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Charlottetown’s Michael French is at the top of his game

October 25, 2018

Charlottetown, PE - - Charlottetown’s Michael French is at the top of his game



Michael French and his good friend, Ron Campbell, from Saint John, N.B., umpired the Canadian senior men’s championship game together on Sept. 2 in St. Croix, N.S.

ORIGINAL STORY by Jason Malloy - Guardian

Charlottetown’s Michael French is at the top of his game

Michael French is a well-known softball umpire in Prince Edward Island.

Michael French is a well-known softball umpire in Prince Edward Island. - Jason Malloy

He has reached the highest level an umpire can attain in Canada and is looking at inspiring others to get involved

CHARLOTTETOWN, P.E.I. – Michael French has had a milestone year on the softball diamond.

The 52-year-old Charlottetown umpire attended the Softball Canada senior men’s national championship in St. Croix, N.S., from Aug. 29-Sept. 2.

“I had the honour of being picked to do the plate in the championship game,” he said of the plum assignment. “There’s only one plate, so only one person can get it.”

Michael French and his good friend, Ron Campbell, from Saint John, N.B., umpired the Canadian senior men’s championship game together on Sept. 2 in St. Croix, N.S.Michael French and his good friend, Ron Campbell, from Saint John, N.B., umpired the Canadian senior men’s championship game together on Sept. 2 in St. Croix, N.S.

During the week of ball in Nova Scotia he was evaluated by supervisors. They wrote their reports and recommended French receive his level five, the highest certification an umpire can earn. Softball Canada agreed and recently made it official. French is one of 59 level five fast pitch umpires in the country. There are also 20 slo-pitch level five umpires.

French never set out to reach the top level of the blue-shirted officials when he made the move 18 years ago from player to umpire. And for the first half of his umpiring career, he was satisfied with hitting the field and doing his job.

But the late Frank Hughes, then the province’s umpire-in-chief, saw something in French and suggested he could reach another level.

“He pulled me aside and said, ‘Hey, you can do a lot more here’,” French recalled. “Frank was my inspiration.”

French went on to do the 2009 Canada Games in Summerside and made concerted efforts to get better. It meant travelling throughout the Maritimes as the senior men’s game faded in most parts of the region.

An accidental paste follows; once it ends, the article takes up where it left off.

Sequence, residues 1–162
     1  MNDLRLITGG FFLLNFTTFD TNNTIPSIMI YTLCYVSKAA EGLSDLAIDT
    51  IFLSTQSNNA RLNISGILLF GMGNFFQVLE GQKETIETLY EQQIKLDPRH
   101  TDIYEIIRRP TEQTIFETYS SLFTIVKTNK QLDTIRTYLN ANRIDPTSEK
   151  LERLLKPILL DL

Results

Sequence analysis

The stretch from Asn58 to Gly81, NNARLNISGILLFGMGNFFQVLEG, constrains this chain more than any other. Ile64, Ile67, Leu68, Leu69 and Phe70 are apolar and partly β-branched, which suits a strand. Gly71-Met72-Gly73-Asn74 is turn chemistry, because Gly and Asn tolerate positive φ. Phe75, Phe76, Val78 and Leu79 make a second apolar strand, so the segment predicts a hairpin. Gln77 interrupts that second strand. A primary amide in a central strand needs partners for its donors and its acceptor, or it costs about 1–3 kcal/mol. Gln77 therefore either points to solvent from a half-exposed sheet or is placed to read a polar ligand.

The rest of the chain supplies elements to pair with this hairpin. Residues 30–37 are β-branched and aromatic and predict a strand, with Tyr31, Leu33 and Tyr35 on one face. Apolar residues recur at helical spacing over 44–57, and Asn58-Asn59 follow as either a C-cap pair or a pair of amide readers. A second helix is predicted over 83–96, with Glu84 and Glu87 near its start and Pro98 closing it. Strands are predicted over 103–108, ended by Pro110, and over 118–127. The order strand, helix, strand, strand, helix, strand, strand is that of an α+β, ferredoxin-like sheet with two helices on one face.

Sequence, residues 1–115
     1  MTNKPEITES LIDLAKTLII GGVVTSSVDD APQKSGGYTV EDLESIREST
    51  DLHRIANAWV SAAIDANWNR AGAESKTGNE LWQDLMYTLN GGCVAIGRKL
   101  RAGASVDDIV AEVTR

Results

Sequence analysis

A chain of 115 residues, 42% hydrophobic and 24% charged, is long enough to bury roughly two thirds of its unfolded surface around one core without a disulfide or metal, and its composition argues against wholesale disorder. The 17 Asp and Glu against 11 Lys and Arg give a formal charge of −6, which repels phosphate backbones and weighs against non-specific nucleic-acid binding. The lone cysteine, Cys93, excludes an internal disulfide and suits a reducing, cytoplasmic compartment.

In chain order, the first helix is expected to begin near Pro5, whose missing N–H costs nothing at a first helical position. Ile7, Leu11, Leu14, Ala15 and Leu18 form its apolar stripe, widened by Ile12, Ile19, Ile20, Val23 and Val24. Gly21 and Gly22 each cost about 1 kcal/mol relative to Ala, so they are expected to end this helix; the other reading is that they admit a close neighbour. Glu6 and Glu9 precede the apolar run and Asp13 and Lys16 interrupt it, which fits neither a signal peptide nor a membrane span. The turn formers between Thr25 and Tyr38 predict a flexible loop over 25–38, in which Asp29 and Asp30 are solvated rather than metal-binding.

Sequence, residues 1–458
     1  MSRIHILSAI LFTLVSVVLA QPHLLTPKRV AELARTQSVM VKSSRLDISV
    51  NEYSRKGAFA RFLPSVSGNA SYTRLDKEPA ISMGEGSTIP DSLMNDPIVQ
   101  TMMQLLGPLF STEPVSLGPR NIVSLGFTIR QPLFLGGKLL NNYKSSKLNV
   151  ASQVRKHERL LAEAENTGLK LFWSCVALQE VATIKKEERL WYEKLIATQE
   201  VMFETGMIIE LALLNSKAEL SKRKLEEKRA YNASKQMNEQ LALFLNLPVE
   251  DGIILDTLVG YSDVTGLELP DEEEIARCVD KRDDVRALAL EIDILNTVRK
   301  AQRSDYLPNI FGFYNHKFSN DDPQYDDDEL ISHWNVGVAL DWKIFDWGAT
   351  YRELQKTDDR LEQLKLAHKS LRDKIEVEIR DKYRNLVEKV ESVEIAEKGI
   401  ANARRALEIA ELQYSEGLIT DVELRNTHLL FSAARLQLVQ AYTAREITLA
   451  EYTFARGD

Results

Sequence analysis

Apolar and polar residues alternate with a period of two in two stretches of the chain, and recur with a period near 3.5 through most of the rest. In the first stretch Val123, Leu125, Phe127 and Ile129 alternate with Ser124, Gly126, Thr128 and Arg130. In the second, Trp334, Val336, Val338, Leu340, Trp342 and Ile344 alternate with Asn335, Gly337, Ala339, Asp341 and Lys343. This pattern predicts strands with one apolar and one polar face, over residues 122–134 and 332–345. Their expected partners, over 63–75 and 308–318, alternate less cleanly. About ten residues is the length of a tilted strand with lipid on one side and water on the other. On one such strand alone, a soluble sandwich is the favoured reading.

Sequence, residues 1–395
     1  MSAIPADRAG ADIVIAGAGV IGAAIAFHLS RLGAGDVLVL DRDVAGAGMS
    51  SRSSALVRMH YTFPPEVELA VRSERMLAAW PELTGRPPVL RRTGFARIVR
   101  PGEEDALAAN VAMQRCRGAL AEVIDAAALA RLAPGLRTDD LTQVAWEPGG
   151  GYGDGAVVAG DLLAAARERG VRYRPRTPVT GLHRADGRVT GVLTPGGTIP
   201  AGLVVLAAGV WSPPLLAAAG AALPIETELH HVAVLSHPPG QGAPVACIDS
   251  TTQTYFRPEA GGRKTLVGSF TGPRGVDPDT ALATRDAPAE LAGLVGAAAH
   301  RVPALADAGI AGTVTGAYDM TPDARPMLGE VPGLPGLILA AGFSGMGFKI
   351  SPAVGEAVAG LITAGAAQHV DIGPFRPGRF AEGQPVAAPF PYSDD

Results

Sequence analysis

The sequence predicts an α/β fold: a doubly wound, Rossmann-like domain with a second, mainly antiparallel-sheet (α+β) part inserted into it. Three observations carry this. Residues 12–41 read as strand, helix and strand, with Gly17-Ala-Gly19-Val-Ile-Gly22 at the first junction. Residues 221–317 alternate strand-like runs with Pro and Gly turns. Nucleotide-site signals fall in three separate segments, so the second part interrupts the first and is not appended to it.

He went to nationals, took training and was evaluated every couple of years.

“That’s when I changed my focus,” he said. “I wanted to learn more and really raise my game.”

The work has paid off as evident by the recent advancement in the certification program. The next rung to reach would enable him to do international competitions.

Softball P.E.I. president Chris Halliwell was pleased to see French, who is the province’s umpire-in-chief, obtain the top level. It is estimated French is the first level five umpire in Prince Edward Island in 25 years.

“It’s great. It gives us a level of professionalism in that role,” Halliwell said. “He puts the extra time in to get his levels, do the training and goes to the conferences and clinics all across the country.”
Halliwell has attended eight national competitions as a coach and has dealt with multiple umpires along the way. He called French approachable and professional.

“He knows the rules, but he’s also a good game manager and communicator with the coaches,” Halliwell said. “He’ll let you say your piece, he’ll give you an explanation.”

French is hoping by sharing his story others might get involved.

“Hopefully, I can inspire someone to do it just like Frank Hughes did for me,” he said.

This summer, Softball P.E.I. began a mentorship program where an umpire between the ages of 13 and 18 was partnered with an experienced member to do games. It provided the 11 young umpires involved a chance to continue to learn and grow while working games with their veteran colleagues.

“We’ve found it to be a huge benefit in development of those umpires,” French said.

Umpire Michael French flips the coin to determine home team during a Prince Edward Island under-14 girls' softball game this summer. Umpire Michael French flips the coin to determine home team during a Prince Edward Island under-14 girls' softball game this summer

 

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